Adele Marston

Wellcome Senior Research Fellow

Adele Marston is a Wellcome Senior Research Fellow and Professor in Cell Biology at the University of Edinburgh. Her group aims to understand the origin of aneuploidy, particularly during meiosis, the cell division that generates eggs and sperm. The focus is to understand molecular mechanisms of chromosome segregation, primarily using yeast, together with a combination of genetics, biochemistry and microscopy. Adele obtained her PhD from the University of Oxford, in the lab of Jeff Errington, and carried out postdoctoral work with John Chant at Harvard University and Angelika Amon at MIT. In 2005 she moved to the Wellcome Centre for Cell Biology in Edinburgh to establish her independent research group as a Wellcome Research Career Development Fellow. In 2010 she obtained a Wellcome Senior Fellowship, renewed in 2015.

Lab members

Rachael Barton, Julie Blyth, Weronika Borek, Lori Koch, Melanie Lim, Vasso Makrantoni, Lucia Massari, Bettina Mihalas, Anuradha Mukherjee, Flora Paldi, Meg Peyton-Jones, Rebecca Plowman, Ola Pompa, Xue (Bessie) Su, Aparna Vinod, Menglu (Lily) Wang

A simple explanation of research in the Marston lab - Research in a Nutshell Videos


Orienting chromosomes during mitosis and meiosis

Our goal is to understand the molecular mechanisms that ensure the accurate transmission of chromosomes to daughter cells during cell division. Errors in chromosome segregation generate cells with the wrong number of chromosomes, a condition called aneuploidy. Aneuploid somatic cells arise due to errors in mitosis and are associated with cancer. Aneuploid gametes are generated from erroneous meiosis and cause miscarriages, infertility and birth defects. Mitosis and meiosis are highly conserved, so we use yeast to uncover fundamental mechanisms of chromosome segregation. We also work with human oocytes to understand how the mechanisms we identify impact human fertility.

Structural and functional organisation of pericentromeres
This year we revealed how chromosomes are structured for their segregation during mitosis. Our group has established the region around the centromere, called the pericentromere, as a paradigm for chromosomal domain organisation. Pericentromeres are highly enriched in the chromosome-organising complex, cohesin, and this is important for accurate chromosome segregation. We found that pericentromeric cohesin enrichment is achieved by targeted cohesin loading at centromeres through a direct, phosphorylation-dependent interaction between the cohesin loader complex and the kinetochore. Recently, we discovered that the borders of pericentromeres are marked by convergent genes that trap cohesin. We found that the pericentromere is folded into a multi-looped structure with centromeres acting as strong insulators. Centromeres and convergent genes at pericentromere borders form the base of the loops and define their structure by positioning cohesin. In the absence of these loops, chromosome segregation was impaired. This provides evidence that the linear order of transcription units defines chromosome structure, with functional consequences for chromosome transmission.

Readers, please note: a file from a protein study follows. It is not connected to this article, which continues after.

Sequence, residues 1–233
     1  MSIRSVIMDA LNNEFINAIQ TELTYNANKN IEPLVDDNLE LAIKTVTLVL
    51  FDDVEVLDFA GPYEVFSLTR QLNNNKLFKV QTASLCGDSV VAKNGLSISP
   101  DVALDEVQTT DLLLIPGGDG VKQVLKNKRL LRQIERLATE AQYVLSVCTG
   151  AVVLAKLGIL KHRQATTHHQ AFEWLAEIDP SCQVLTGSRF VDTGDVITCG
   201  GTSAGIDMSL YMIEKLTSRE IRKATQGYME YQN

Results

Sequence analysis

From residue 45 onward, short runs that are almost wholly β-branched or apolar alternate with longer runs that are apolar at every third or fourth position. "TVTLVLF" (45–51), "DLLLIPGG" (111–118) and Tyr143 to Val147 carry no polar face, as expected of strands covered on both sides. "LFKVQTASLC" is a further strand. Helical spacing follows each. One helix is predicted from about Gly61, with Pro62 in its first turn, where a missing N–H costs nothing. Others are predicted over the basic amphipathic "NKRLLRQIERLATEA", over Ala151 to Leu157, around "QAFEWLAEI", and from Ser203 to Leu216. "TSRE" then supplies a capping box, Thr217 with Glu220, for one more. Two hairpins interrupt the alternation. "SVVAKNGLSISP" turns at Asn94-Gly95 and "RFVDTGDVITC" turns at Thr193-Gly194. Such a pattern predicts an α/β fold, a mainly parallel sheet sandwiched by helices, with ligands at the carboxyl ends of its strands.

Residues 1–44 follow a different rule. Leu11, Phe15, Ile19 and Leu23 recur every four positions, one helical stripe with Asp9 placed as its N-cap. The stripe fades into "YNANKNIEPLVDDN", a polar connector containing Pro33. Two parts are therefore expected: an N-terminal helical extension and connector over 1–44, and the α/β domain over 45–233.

Specialization of meiotic kinetochores
We are also studying the molecular basis of the meiosis-specific adaptations to the chromosome segregation machinery that ensure production of viable gametes. During the first meiotic division, uniquely, the maternal and paternal chromosomes are segregated, while the sister chromatids stay together. Our work revealed that a master meiosis I-specific regulator modulates the activity of multiple kinases to establish these modifications, essentially converting mitosis into meiosis. We also made progress in understanding how sister chromatids stay together during meiosis I. We determined how the monopolin complex, which cross-links sister kinetochores to fuse them, associates with kinetochores. This is a first step towards understanding the major question of how sister chromatids co-segregate during meiosis I, the basis of Mendelian inheritance. 

Our ongoing and future focus is to understand molecular mechanisms that specialize the chromosome segregation machinery for meiosis, both in yeast and human oocytes.

Selected publications:

Galander S, Barton RE, Borek WE, Spanos C, Kelly DA, Robertson D, Rappsilber J and Marston AL (2019) Reductional meiosis I chromosome segregation is established by coordination of key meiotic kinases. Developmental Cell 49, 526-541.

Hinshaw SM, Makrantoni V, Harrison SC and Marston AL (2017) The Kinetochore Receptor for the Cohesin Loading Complex. Cell 171, 72-84.

Plowman R, Singh N, Tromer E, Payan A, Duro E, Spanos C, Rappsilber J, Snel B, Kops GJPL, Corbett KD and Marston AL (2019) The molecular basis for monopolin recruitment to the kinetochore. Chromosoma 128, 331-354.

A. Pericentromere structure in mitosis. Hi-C analysis of budding yeast pericentromeres from metaphase-arrested cells in
the absence (no tension) or presence (tension) of microtubules. Mirrored pileups of contacts 25kb surrounding all 16
yeast centromeres are shown, with schematics below.

B. Metaphase-arrested budding yeast cells. Spindle pole bodies are labelled in red and the anaphase marker, Cdc14, is
labelled in green.

C. Human oocyte at metaphase II. The oolemma and chromosomes are stained blue and green, respectively.